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Reflections on Women’s Equality Day

Dear Salem community,

As we celebrate Women’s Equality Day tomorrow, I have been thinking a lot about gender equity, the progress we have made, and the work still yet to be done, both here at Salem and across our society. This has been on my mind in many ways throughout this summer. It seems as though everywhere I turned over the past few months; I saw the stories of feminist icons and their unvarnished proud narratives represented on the page as well as on the small and large screen. Their powerful stories of success and triumph also reminded me how far we have come as women and how far we still must go to achieve the goal of equal rights, respect and privileges for all.

In June, I watched a documentary film on Netflix called, Call Me Kate, about Katherine Hepburn. (One of my all-time favorite autobiographies is Me: Stories of My Life by Ms. Hepburn, and yes, I may be biased toward her red hair and bold attitude!) Non-conforming Katherine Hepburn bucked gendered stereotypes for leading women throughout her career. She refused to conform to the gendered standards for dress in her days in the late 1930s and early 1940s by daring to wear—of all things—pants! She cut her hair short and was a self-professed “tomboy.” She experienced speculation about her sexuality due to her close female friendships and refusal to conform to gendered norms of behavior and dress. What courage and character she exemplified to be true to herself.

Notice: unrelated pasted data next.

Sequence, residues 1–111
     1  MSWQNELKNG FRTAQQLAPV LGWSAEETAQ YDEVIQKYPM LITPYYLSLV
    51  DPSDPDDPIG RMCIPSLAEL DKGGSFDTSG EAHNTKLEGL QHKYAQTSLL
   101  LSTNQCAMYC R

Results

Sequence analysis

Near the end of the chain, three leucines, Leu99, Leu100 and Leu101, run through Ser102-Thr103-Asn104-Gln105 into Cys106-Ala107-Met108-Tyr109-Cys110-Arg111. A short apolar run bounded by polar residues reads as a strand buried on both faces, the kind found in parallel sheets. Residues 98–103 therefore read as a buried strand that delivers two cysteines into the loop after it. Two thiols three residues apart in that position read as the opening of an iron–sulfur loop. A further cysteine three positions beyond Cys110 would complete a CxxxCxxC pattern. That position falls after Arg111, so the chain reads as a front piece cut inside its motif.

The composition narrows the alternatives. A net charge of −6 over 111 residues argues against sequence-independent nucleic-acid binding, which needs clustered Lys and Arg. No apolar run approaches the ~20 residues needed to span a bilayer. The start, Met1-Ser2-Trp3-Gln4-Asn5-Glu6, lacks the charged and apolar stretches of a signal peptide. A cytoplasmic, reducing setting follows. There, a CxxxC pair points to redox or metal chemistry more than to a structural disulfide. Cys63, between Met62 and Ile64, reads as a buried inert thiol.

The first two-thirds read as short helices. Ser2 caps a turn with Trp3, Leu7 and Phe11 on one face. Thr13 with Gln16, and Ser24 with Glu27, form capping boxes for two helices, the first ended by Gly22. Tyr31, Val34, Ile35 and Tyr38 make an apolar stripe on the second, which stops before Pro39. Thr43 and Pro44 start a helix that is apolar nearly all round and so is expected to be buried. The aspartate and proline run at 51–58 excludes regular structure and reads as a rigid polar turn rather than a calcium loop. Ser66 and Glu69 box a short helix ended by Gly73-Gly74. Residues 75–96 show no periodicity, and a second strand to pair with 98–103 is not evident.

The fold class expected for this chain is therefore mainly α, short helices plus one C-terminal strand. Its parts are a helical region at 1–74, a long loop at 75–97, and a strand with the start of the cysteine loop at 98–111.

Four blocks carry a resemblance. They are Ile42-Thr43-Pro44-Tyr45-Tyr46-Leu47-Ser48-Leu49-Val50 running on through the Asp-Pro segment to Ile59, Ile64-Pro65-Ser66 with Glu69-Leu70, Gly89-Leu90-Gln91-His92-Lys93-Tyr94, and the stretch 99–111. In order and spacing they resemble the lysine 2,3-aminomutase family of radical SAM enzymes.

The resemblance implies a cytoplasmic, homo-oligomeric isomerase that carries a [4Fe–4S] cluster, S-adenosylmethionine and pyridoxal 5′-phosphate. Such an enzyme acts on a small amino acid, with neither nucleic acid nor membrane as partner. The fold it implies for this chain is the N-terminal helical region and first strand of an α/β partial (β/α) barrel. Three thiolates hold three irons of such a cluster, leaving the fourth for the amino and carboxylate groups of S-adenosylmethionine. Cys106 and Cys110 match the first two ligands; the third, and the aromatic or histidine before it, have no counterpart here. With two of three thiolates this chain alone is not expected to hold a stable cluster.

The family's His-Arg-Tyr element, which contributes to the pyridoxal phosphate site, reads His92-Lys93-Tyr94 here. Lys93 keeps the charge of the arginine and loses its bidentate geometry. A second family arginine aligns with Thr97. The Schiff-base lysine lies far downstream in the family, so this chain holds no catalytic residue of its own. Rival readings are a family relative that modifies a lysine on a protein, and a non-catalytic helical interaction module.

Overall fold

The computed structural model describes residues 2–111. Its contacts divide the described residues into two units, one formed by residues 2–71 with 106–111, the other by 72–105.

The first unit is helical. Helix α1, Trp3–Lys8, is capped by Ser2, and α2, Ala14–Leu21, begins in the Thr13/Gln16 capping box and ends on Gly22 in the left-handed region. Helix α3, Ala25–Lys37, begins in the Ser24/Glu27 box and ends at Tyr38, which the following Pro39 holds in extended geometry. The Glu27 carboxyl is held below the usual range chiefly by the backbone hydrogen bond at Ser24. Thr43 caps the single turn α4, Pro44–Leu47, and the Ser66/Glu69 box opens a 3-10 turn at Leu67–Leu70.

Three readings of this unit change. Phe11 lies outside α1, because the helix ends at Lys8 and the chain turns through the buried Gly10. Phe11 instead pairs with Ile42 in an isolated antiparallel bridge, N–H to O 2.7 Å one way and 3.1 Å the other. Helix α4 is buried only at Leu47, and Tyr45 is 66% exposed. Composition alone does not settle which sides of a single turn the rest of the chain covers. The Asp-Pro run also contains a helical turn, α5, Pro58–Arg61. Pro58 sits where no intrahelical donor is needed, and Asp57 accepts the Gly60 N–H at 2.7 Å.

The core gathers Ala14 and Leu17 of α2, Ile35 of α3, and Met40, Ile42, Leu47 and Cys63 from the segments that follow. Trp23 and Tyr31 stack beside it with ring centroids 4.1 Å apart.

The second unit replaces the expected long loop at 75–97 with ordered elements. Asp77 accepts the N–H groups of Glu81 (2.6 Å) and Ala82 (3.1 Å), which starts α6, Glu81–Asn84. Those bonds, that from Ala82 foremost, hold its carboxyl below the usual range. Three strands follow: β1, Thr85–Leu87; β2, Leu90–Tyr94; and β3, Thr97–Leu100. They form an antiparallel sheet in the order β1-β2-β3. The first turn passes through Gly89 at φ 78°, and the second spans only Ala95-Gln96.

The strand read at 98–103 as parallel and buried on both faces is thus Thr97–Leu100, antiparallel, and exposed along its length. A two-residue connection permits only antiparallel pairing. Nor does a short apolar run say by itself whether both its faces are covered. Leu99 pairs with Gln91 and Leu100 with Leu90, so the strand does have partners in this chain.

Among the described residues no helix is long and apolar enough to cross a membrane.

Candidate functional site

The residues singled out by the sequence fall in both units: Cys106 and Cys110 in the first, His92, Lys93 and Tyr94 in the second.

Then I read ”The Exceptions: Nancy Hopkins, MIT and the Fight for Women in Science,” Salem College’s first-year read, about the groundbreaking women academics of Massachusetts Institute of Technology (MIT) who pioneered their way through academic politics and outright discrimination in the mid-20th century. Eventually, their awakening to the more subtle forms of discrimination and bias led to a committee report detailing MIT’s decades of gender discrimination in terms of salary, space allocation, leadership positions, and more. The book chronicles the careers of multiple women scientists and those reluctant feminists who came to understand that, despite their hard work and acclaim as academics and scientists, being a woman barred them from many of the opportunities and perks afforded to their male colleagues well into the 1990s. This book is vital for our first-year students to raise their awareness about this important historical period. Many of our students today grew up in a time when feminism was often perceived negatively or when the public narrative declared feminism dead and no longer needed because women had achieved equality. The stories of “The Exceptions” remind us that the fight for women’s rights and equal treatment is not something of a bygone era but something that continues today well into the 21st century.